This month, our posts aim to position ourselves as educators who understand the evolving definition of literacy, and use this knowledge to teach our students to be both critical consumers and creative contributors through text and media.
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by Jaclyn Karabinas
With our evolving definition of literacy at the forefront of our minds we begin to see a bit more clearly how our literacy skills play out in our personal and professional lives. Are you a lover of memes? Infographics? Video? Blogs? These are just some examples of what we consume—and can create—each day. Our students also are consuming and producing digital information, which means including this topic in their literacy education is a must.
Our Guiding Question is: How do we apply our evolving definition of literacy to designing learning experiences for students to be both critical consumers and responsible, creative contributors of information?
In this video blog, Argument in the Real World co-authors Kristen Hawley Turner and Troy Hicks remind us to step back from our assumptions about what we think kids know how to do with technology so we can find our teaching points.
Take a moment to write or think about what holds you back from creating space for kids to learn, create, and share with media. Is it a specific fear? Technology access? Lack of experience? Think carefully about this so you can be as honest with yourself—and hopefully also in conversations with colleagues—allowing you to break down that barrier and find your next step.
Because many students either spend a large amount of time on social media or are at least influenced by the information they encounter from social media via peers or family members, it is one of the best places to begin when planning lessons to authentically help students consume information through a critical lens.
Read this piece “Seriously? Seriously.The Importance of Teaching Reading and Writing in Social Media” by Troy Hicks and Kristen Hawley Turner for guidance on how to get started with your practice of understanding how to teach critical consumption of social media.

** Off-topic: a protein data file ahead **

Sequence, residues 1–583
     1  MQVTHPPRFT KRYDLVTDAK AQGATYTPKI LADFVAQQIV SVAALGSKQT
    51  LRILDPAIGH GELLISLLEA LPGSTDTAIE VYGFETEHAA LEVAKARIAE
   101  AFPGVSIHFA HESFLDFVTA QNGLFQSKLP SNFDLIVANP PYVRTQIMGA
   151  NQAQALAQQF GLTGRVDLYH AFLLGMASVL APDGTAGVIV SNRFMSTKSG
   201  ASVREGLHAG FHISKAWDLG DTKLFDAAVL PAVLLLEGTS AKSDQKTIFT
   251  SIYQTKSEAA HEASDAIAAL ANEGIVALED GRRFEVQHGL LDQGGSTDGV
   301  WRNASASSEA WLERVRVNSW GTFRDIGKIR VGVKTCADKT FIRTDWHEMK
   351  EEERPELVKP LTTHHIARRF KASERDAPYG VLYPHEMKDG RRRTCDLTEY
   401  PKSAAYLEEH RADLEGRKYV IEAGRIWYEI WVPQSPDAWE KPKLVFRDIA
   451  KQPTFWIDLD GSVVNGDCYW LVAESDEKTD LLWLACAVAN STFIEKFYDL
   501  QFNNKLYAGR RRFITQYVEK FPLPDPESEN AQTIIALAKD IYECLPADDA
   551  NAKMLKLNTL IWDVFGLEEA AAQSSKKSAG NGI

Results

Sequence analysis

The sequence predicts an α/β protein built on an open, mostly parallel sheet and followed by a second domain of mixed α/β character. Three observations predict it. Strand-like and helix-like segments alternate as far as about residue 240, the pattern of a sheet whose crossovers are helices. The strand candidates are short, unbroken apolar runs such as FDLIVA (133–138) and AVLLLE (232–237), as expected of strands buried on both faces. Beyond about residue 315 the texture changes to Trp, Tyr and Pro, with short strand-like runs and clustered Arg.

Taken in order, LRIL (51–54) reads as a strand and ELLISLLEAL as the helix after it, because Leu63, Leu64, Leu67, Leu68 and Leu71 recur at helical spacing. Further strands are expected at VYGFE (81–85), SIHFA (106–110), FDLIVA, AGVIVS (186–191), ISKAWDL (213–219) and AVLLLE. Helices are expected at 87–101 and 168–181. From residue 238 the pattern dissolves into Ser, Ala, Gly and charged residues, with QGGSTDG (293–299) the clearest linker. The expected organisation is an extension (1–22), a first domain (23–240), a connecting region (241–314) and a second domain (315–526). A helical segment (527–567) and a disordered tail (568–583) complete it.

In this next piece, we combine the thinking of Kylene Beers and Robert Probst with the that of Kristen and Troy to help you extend your knowledge about why explicitly teaching application of literacy skills in the context of social media is so crucial. Make time to read “How Teachers Can Disrupt Fake News” twice—first through the lens of your own experience with social media and a second with your own students or children in mind.
Once you work with students to understand how to consume information with caution, through questions, and by confirming evidence, you will need to model for them how to transfer this to their own creation of shareable information. How might they cite sources in a blog post? Where will they find accurate images to convey meaning in an infographic or photo montage? What is their responsibility when creating content to present an argument?
While examples thus far have highlighted older students, this piece “Learning is Social: Finding An Audience Online” by Amplify coauthor Kristin Ziemke, will shine light on some places to begin with younger children. Ziemke also provides some simple first steps for getting started with any age, especially if embracing this concept is new for you as an educator.
Find some colleagues to collaborate with as you decide on a series of lessons that allow students to apply what they are learning by consuming, creating, and sharing with a broader audience. Don’t forget to include time for student reflection! This will help their ongoing synthesis of how literacy skills play out in their everyday lives.
>>>For Further Reading:
PLC Series Feburary Post #1: Literacy, Redefined
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Looking for more PD?
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